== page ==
New American Standard Bible
The highways are desolate, the traveler has ceased, He has broken the covenant, he has despised the cities, He has no regard for man.
King James Bible
The highways lie waste, the wayfaring man ceaseth: he hath broken the covenant, he hath despised the cities, he regardeth no man.
Darby Bible Translation
The highways are desolate, the wayfaring man ceaseth. He hath broken the covenant, he hath despised the cities, he regardeth no man.
World English Bible
The highways are desolate. The traveling man ceases. The covenant is broken. He has despised the cities. He doesn't respect man.
Young's Literal Translation
Desolated have been highways, Ceased hath he who passeth along the path, He hath broken covenant, He hath despised enemies, He hath not esteemed a man.
Isaiah 33:8 Parallel
CommentaryBarnes' Notes on the Bible
The highways lie waste - This verse contains a description of the desolations that had been caused by the invasion of Sennacherib. Some have understood it as containing the account which the ambassadors sent by Hezekiah gave of the effects of the invasion. Thus Grotius interprets it. But it is probably a description made by the prophet himself, and is designed to state one cause why the messengers that had been sent out wept bitterly. They had not only failed of inducing Sennacherib to abandon his purpose of attacking Jerusalem, but they had witnessed the effects of his invasion already. The public ways were desolate. In the consternation and alarm that was produced by his approach, the roads that had been usually thronged were now solitary and still. A mournful desolation already prevailed, and they apprehended still greater calamities, and hence, they wept.
The wayfaring man ceaseth - Hebrew, 'He that passes along the road ceases.' That is, there is a cessation of travel. No one is seen passing along the streets that used to be thronged.
He hath broken the covenant - This may either mean that the Assyrian king had violated the compact which had been made with him by Ahaz, by which he was to come and aid Jerusalem against the allied armies of Syria and Samaria (see the notes at Isaiah 7), or it may mean that he had violated an implied compact with Hezekiah. When Judea was threatened with an invasion by Sennacherib, Hezekiah had sent to him when he was at Lachish, and had sought for peace 2 Kings 18:14. In that embassy Hezekiah said, 'I have offended, return from me; that which thou puttest on me I will bear. And the king of Assyria appointed unto Hezekiah king of Judah three hundred talents of silver and thirty talents of gold.' To pay this, Hezekiah exhausted his treasury, and even stripped the temple of its golden ornaments 2 Kings 18:15-16. A compact was thus made by which it was understood that Sennacherib was to withdraw his army, and depart from the land. But notwithstanding this, he still persisted in his purpose, and immediately despatched a part of his army to lay siege to Jerusalem. All the treaties, therefore, had been violated. He had disregarded that which was made with Ahaz, and that which he had now himself made with Hezekiah, and was advancing in violation of all to lay siege to the city.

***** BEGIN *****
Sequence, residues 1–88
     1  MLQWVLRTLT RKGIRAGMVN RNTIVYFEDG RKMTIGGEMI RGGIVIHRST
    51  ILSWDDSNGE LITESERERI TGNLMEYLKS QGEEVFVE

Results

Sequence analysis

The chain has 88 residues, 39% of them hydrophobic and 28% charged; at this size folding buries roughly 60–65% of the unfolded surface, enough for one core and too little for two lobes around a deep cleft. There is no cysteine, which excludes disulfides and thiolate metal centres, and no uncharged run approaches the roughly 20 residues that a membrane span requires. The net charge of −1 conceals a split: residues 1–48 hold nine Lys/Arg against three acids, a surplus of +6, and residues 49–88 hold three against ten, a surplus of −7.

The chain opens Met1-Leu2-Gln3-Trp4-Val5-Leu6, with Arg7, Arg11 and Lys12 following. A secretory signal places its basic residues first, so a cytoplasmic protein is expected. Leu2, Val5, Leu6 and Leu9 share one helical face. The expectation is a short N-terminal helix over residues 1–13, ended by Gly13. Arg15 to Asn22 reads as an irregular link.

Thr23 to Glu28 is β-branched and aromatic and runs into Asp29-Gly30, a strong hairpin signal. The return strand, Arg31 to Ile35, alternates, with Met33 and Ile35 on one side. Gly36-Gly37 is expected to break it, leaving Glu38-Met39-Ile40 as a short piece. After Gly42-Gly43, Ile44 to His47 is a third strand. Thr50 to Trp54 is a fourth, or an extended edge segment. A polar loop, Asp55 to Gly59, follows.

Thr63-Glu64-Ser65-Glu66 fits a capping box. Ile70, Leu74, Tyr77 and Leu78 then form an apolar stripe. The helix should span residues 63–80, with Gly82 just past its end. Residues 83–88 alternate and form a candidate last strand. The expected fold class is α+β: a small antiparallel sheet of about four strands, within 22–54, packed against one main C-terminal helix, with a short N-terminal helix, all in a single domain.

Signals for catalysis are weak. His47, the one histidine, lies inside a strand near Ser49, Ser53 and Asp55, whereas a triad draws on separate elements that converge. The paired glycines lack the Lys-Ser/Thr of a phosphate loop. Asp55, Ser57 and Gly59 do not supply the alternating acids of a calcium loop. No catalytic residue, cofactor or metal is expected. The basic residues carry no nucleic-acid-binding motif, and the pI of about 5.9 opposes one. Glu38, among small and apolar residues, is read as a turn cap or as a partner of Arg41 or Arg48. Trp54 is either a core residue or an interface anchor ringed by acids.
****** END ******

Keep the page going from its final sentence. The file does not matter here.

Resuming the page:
He hath despised the cities - That is, he disregards their defenses, and their strength; he invades and takes all that comes in his way. He speaks of them with contempt and scorn as being unable to stand before him, or to resist his march. See his vain and confident boasting in Isaiah 10:9; Isaiah 36:19.
He regardeth no man - He spares no one, and he observes no compact with any man.
LibraryThe Rivers of God
'But there the glorious Lord will be unto us a place of broad rivers and streams; wherein shall go no galley with oars, neither shall gallant ship pass thereby.'--ISAIAH xxxiii. 21. One great peculiarity of Jerusalem, which distinguishes it from almost all other historical cities, is that it has no river. Babylon was on the Euphrates, Nineveh on the Tigris, Thebes on the Nile, Rome on the Tiber; but Jerusalem had nothing but a fountain or two, and a well or two, and a little trickle and an intermittent …
Alexander Maclaren—Expositions of Holy Scripture
The Border of his Sanctuary
The Angel of the Lord in the Pentateuch, and the Book of Joshua.
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And he lifted up his eyes and saw the traveler in the open square of the city; and the old man said, "Where are you going, and where do you come from?"
The earth is also polluted by its inhabitants, for they transgressed laws, violated statutes, broke the everlasting covenant.
A highway will be there, a roadway, And it will be called the Highway of Holiness. The unclean will not travel on it, But it will be for him who walks that way, And fools will not wander on it.
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